The mind and ways of the billionaire businessman confused me: West leaving his company in the hands of a few trusted assistants for six months without giving much thought to it, instantly buying a vineyard on a whim, without investigating the property or what was required to run it and all the legal bumf that goes with it, and then trying to do so almost single-handedly, later returning to his company in Chicago for two months and not getting a break. He was a billionaire for goodness sake. Why not hire people to do all this work and take the stress away?
Also I didn’t really see the point of Seb’s storyline. It sort of fizzled out, although there were hints to more going on with him. But at least he was available to look after Rush’s dog when he went away. Perhaps Seb’s story will follow in the Canyon Creek series.
Having said all that (and there were other issues I haven’t listed), I actually liked the love story and the characters, despite their weird and unrealistic decisions. I’m a fan of enemies-to-lovers stories and this sort of fitted that trope. The build-up of Rush and West’s relationship was lovely. I liked the writing style, and the times Rush and Wesh spent together, including their steamy scenes. I loved their trip to Eureka. Very poignant and also their stay in the hotel was amusing.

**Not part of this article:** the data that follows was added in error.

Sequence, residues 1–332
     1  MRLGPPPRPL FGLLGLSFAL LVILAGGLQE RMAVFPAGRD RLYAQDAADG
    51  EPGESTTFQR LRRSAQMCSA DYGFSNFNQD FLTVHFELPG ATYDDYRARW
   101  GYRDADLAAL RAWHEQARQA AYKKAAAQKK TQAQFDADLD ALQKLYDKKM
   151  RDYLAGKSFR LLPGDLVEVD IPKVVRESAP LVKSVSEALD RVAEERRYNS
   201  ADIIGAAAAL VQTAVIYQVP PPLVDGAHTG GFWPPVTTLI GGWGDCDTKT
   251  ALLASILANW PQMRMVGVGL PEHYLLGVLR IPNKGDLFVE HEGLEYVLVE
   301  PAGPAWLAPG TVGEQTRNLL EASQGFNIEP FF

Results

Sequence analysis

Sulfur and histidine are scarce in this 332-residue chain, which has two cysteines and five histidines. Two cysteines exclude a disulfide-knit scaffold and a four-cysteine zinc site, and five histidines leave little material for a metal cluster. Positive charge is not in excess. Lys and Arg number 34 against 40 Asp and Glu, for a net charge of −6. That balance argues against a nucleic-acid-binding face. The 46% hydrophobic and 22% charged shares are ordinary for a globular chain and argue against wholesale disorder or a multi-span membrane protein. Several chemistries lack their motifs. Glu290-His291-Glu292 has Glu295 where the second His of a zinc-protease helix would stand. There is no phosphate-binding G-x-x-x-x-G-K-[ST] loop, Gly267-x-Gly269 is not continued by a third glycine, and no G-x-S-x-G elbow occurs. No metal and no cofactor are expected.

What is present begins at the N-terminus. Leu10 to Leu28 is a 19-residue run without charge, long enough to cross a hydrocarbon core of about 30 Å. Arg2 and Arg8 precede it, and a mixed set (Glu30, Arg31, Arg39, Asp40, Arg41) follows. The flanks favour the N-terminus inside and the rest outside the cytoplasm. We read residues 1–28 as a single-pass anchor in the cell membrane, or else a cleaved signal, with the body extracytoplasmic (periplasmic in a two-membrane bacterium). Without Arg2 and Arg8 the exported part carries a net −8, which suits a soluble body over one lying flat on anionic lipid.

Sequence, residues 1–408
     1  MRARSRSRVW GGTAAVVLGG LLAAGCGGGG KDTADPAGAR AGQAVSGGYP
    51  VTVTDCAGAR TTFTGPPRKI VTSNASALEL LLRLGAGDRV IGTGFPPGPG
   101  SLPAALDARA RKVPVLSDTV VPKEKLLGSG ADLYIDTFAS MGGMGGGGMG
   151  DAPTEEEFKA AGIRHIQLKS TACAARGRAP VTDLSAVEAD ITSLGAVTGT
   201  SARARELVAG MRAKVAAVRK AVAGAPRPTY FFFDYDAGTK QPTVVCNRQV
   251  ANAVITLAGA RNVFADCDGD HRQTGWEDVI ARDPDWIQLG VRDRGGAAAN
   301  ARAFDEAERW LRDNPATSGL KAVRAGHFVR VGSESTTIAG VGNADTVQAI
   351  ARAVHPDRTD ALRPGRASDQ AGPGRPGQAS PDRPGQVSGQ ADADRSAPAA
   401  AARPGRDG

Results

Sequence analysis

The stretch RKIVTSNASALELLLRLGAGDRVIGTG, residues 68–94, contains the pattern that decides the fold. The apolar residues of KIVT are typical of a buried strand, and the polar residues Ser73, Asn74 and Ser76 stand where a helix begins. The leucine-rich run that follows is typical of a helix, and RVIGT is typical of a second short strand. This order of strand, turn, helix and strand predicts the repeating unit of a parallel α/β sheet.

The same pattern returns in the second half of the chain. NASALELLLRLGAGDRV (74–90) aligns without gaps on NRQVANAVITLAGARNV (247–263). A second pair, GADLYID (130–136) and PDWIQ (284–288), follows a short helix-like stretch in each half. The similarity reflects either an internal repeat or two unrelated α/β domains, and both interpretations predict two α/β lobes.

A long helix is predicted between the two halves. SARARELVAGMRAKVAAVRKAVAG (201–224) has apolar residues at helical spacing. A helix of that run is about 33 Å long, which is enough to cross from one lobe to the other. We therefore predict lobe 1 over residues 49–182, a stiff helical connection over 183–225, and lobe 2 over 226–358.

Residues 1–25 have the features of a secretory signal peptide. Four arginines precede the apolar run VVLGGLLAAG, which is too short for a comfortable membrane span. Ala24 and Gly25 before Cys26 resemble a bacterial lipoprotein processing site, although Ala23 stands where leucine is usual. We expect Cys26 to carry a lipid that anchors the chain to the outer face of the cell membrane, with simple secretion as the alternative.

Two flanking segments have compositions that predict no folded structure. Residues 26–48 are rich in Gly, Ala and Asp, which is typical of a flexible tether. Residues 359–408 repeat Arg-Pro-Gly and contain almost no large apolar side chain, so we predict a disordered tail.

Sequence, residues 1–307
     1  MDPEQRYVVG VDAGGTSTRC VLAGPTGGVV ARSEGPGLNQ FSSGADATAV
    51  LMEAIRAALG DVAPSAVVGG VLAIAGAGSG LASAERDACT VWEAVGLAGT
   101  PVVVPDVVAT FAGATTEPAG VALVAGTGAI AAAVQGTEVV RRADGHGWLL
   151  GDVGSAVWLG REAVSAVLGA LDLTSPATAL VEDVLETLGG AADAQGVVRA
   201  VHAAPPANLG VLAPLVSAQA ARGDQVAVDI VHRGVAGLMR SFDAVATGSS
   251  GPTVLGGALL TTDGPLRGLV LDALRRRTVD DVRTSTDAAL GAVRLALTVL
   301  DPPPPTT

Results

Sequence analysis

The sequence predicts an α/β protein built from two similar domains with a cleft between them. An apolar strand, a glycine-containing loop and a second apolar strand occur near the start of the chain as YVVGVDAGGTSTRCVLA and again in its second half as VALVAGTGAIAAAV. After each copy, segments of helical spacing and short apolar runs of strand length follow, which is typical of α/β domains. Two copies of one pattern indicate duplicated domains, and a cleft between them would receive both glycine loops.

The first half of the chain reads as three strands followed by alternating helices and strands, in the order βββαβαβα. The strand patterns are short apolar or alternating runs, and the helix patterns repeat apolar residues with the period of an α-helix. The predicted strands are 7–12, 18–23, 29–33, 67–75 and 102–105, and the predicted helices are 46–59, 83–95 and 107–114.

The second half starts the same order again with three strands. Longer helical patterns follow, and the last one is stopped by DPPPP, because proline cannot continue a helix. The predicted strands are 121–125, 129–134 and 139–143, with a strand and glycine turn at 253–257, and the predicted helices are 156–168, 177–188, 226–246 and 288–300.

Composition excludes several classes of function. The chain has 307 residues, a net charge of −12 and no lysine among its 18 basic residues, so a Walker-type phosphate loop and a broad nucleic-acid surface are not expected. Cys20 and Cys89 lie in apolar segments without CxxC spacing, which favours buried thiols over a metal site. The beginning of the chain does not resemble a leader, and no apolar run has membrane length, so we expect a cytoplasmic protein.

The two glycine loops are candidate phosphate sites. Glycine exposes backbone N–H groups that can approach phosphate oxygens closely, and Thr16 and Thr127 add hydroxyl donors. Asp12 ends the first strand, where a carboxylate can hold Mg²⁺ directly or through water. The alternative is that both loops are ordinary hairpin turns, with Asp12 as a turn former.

It took me a while to adjust to the narrator’s rather robotic style of speaking. This was my first time listening to Michael. However, the intimate scenes and when Rush and West were saying “I love you” were romantic and beautifully narrated with such emotion. The narrator gave Rush a distinctive deeper voice which made dialogue easy to follow. In fact, all the characters were portrayed well.
So, if you can overlook some of the unbelievable elements of this plot, the story is well worth a listen.